(See the article “Using Contrast to Add Depth to Your Scrap Quilt”)
I just wanted to let you know a little trick I use to improve the layouts of my quilts. My wonderful husband made me a design wall with Home Depot foam insulation which I covered with flannel fabric. Whenever I get an idea for a quilt layout, I throw it up on the wall. In the case of this quilt, I sorted my 4” squares of fabric into light, medium and dark values. I knew that I wanted to start with reds, because I have so many of them. That’s it, no fancy calculations, just hmmmmm, I have a lot of this burgundy/brick red, let’s go with that. I picked out reds from each of the value piles and started creating the pattern from the upper left. I worked my way around the quilt in a counter clockwise manner. I had an idea what I wanted but didn’t spend a lot of time worrying about exact placement.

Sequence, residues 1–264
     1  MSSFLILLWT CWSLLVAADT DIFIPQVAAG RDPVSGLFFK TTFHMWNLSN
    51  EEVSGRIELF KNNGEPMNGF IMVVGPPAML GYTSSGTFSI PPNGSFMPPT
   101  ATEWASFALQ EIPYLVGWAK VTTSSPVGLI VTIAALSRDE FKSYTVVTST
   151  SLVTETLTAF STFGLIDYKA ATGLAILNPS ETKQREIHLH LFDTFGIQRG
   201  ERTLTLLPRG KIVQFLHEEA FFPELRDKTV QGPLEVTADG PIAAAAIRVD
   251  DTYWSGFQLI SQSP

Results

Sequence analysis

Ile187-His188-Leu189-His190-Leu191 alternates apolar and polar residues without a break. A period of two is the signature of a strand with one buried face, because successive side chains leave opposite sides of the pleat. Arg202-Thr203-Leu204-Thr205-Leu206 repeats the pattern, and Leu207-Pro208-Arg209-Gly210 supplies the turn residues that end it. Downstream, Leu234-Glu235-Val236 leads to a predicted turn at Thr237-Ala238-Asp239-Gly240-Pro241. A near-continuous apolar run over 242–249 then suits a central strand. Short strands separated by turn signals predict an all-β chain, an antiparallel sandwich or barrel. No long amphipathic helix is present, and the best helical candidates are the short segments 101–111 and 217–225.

Once I had all the squares on the wall, I stood back and started moving fabric. I look for something I don’t like and pull it off the wall, then I look at my pile of squares and replace them with ones I like better. Rinse and repeat. The first round of modifications was done using color, then I pulled out my phone and looked at the arrangement on my camera using the monochrome (black and white) setting. This is where the magic comes in. My eye isn’t perfect at discerning absolute value with colored blocks, but the camera filter takes out all the guesswork. Here is an example of a change that I made.
Look at the upper right deep orange squares in the layout above. It turns out that they are a much darker value than I thought when I was putting it on the wall.
I replaced those four deep orange fabrics with lighter orange plaid squares.
Notice that the diagonal dark stripe is now more pronounced.
I will make a change, then step back and see if there is anything else I would like to change. I stop when I am either satisfied with how it looks or I get bored.
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